From light to dark, the question of neutral bedroom decor lies ultimately in the eye of the beholder.
Anyone can identify an interior as “neutral” but fine it down and things can get a little well, murky. Does neutral mean all white – the absence of color? Is it gray, beige, taupe with various mix-ins of white and cream? What about the validity of lavender, which was declared a neutral a few years ago. And how dark can you go before moving out of neutral territory in a room? My thought is that most so-called neutral rooms are actually monochromatic since they have low contrast and similar color values. Some designers may not agree with that and the topic. It would make a lively topic for discussion. To illustrate my view, I’ve chosen 10 bedrooms I consider to be neutral or “restful” although they vary from white to gray, taupe, lavender and cocoa. There’s more variation on the neutral bedroom decor theme than one might think.
Off-white falls on the pale end of the theme in a bedroom by architect Wayne Windham [top]. Keeping the tufted headboard, bedding, walls and upholstered pieces nearly white allows the taupe curtains to frame the windows around an unusual square bay. A wicker bench at the foot of the bed picks up the curtain color and grounds it, along with the mottled beige and ice-blue rug. The few dark accents in the room – art over the bed, curtain rods, night stand and chair legs – are delicate enough to add interest without interference.
Styled to showcase the hand woven, wool shag Bello rug from West Elm-Australia, this bedroom has a youthful look and shape-shifter neutrality. Switch out the gray pillows and throws for, say, leaf green or orange and the mood would change dramatically. Question: is ivory the most neutral of all?
Lest there be any doubt about whether lavender can look neutral, this bedroom puts it to rest. A lavender throw across the foot of the bed, accented by a vase of allium, pull mutable gray bed linens across the violet divide. The effect is subtle and soft.
The most frequently seen neutral scheme turns on the combination of white and natural linen. Linen is, of course, actual greige goods since it is neither bleached nor dyed. And it’s so popular every catalog boasts a linen headboard. So while the fabric on this tufted beauty bespeaks popular style, California designer Tim Clark pulls some unusual gray-green into the mix through the use of a chippy paint-decorated chest topped by a vase of brighter flowers.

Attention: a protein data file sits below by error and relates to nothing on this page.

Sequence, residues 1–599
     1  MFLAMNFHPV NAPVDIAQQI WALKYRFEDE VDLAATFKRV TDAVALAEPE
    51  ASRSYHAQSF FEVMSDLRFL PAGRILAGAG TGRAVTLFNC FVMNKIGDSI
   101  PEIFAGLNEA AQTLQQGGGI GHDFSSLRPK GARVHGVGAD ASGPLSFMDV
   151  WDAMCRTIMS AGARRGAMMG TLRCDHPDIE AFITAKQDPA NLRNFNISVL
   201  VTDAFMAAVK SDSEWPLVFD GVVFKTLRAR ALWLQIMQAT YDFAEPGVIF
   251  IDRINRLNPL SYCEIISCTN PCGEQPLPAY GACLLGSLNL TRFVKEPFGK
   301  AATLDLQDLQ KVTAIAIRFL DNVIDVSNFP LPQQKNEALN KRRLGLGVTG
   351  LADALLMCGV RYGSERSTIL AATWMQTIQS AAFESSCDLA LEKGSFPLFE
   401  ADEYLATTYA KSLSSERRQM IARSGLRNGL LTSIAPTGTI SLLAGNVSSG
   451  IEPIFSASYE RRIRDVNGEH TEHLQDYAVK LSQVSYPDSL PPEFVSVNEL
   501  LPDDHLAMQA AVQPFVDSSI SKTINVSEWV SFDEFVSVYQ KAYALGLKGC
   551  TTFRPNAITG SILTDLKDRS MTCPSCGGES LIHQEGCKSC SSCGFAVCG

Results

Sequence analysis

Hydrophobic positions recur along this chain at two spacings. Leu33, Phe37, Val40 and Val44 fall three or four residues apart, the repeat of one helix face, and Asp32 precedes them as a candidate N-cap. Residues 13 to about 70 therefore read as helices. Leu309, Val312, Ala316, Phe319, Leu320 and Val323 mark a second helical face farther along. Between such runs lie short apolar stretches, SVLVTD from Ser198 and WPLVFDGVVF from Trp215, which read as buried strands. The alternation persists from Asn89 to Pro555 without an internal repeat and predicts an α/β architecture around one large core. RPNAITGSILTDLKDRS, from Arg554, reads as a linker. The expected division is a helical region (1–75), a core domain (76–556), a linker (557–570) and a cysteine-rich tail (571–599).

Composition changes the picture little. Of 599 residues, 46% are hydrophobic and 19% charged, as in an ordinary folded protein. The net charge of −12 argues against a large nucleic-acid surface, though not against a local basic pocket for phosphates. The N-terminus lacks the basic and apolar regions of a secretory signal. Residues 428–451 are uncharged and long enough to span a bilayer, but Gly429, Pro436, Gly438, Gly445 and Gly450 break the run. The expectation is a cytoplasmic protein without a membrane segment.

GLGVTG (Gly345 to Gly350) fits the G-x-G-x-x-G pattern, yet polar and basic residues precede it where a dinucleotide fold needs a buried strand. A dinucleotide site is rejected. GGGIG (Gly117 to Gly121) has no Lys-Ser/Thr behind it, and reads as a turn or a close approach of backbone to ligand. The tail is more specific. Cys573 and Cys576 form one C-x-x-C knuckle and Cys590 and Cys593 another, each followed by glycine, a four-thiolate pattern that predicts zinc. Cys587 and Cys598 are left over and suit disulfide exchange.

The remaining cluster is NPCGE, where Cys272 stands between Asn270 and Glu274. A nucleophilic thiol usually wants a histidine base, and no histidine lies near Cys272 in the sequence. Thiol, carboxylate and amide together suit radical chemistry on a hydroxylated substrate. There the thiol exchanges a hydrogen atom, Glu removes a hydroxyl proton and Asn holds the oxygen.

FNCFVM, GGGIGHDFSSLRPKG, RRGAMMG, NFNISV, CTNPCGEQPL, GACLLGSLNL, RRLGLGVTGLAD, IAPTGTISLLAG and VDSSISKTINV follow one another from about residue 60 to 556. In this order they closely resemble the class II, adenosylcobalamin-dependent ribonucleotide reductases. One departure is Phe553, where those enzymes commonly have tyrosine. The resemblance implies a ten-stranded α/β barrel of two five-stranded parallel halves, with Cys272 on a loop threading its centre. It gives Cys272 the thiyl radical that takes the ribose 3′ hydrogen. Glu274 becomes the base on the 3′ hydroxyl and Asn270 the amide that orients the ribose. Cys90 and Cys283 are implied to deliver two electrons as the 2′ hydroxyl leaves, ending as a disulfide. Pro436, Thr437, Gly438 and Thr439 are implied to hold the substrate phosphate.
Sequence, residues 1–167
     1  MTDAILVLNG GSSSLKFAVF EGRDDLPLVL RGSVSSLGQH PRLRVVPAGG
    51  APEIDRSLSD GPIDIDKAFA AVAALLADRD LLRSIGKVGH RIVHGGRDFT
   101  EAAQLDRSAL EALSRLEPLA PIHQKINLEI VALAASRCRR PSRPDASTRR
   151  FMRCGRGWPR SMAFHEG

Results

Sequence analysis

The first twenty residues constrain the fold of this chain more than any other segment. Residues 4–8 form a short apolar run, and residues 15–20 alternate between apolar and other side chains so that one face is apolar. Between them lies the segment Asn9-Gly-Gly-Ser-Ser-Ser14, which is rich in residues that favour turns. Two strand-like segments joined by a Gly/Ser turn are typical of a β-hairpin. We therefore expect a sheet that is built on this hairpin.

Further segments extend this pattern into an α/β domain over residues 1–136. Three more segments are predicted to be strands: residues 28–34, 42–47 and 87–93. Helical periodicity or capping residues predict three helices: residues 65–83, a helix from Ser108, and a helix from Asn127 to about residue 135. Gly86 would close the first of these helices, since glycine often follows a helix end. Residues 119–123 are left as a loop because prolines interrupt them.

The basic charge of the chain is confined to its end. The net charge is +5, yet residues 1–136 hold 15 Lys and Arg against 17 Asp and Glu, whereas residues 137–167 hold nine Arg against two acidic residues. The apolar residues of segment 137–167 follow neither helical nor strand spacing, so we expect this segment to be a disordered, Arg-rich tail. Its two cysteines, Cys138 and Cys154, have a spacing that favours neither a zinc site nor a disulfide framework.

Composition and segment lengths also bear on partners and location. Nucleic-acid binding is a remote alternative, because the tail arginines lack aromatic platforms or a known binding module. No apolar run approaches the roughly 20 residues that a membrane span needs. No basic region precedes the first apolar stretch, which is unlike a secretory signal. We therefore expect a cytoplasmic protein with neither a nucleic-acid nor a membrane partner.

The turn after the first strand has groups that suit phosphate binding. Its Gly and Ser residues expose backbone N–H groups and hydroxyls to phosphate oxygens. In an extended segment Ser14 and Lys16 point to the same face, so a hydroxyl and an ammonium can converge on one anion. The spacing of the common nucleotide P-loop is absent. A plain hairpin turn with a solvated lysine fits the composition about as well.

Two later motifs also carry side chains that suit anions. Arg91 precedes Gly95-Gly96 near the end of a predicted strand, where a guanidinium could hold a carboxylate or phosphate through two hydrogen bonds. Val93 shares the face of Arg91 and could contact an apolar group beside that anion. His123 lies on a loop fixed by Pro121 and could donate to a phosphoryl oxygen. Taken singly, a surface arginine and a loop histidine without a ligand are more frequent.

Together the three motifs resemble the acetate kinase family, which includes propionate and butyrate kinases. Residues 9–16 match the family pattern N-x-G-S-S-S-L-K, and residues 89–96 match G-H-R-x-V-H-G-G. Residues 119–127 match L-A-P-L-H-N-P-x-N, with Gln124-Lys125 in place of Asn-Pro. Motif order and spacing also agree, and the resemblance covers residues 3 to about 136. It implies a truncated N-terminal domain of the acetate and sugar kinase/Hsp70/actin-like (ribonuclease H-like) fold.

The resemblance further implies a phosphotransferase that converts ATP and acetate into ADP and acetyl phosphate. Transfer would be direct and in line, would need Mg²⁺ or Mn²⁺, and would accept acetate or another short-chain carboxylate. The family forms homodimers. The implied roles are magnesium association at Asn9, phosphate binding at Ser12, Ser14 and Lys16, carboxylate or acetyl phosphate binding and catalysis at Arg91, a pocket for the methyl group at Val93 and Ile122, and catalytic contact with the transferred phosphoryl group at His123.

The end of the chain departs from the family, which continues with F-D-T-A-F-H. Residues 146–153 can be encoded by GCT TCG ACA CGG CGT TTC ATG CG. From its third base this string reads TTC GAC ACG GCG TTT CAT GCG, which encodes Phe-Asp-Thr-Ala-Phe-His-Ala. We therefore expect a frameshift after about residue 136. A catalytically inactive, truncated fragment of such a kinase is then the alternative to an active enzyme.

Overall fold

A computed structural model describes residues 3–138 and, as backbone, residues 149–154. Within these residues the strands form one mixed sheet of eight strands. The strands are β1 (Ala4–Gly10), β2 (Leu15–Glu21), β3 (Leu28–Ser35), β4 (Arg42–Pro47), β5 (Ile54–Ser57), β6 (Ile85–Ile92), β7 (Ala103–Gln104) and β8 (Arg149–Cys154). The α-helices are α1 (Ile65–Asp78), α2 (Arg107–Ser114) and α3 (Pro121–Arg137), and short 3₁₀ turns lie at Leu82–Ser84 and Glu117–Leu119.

Tone-on-tone greige with an odd number (I count three) of patterns and textures creates an especially rich, traditional Alabama bedroom by Tracery Interiors. I adore the shaped Bernhard headboard which subtly echoes the base of the bedside table. The throw pillow is from Ankasa and Benjamin Moore’s Revere Pewter paint produced the ethereal gray-tinted wall.
In this tone-on-tone bedroom, a toast-colored throw over the beige bed cover adds a layer of neutral interest. All the hues blend here — only the dark chandelier (top left) stands out.
This bedroom outfitted by The White Company, out of London, features elegant hem-stitched sheets and some glitzy mirrored paneling that reads young, hip and urban. The plush gray platform bed and jumbo sweater throw make me want to curl up here. Yet there’s also a somewhat commercial aura – like a girly hotel room at home.
Taupe walls and a bed done up in beige mattress ticking give off a country vibe. But this bedroom, in Coastal Living’s 2012 Ultimate Beach house, is beautifully dressed up by Circa Lighting’s burnished brass urn lamps and banded globe pendant. Soothing is the operative adjective here thanks in large part of Pratt & Lambert’s Ever Classic 32-24 wall color. But I must ask: does anyone else get spooked by the idea of crockery hanging on the wall overhead while you sleep?
Elaborate crown molding always creates a certain formality and that effect is heightened by the sublime 18th-Century style wall covering. This English bedroom by the talented Todhunter Earle team is as soothing as a steaming cup of latte — from the impeccable draperies to the lush bed. And the stately quality pushes it into boudoir territory — can’t you just feel those silky sheets, and the soft white rug on your bare feet?
A custom upholstered cocoa-colored accent wall/headboard/niche takes neutral as dark as it can go in landscape designer Scott Shrader’s West Hollywood bedroom. With large French doors open onto a walled garden, the Kneedler Fauchère 133 silk on the walls has a chic Parisian feel. And, given the bright Southern California light, the toast-colored cover and accent pillows are bound to look cool during the day and warm but inviting at night.
(Source: waynewindham, westelm, es.paperblog, coastalliving, housebeautiful, thepapermulberry, Emi.sk, modernmummy, drivenbydecor, abeasley, veranda)
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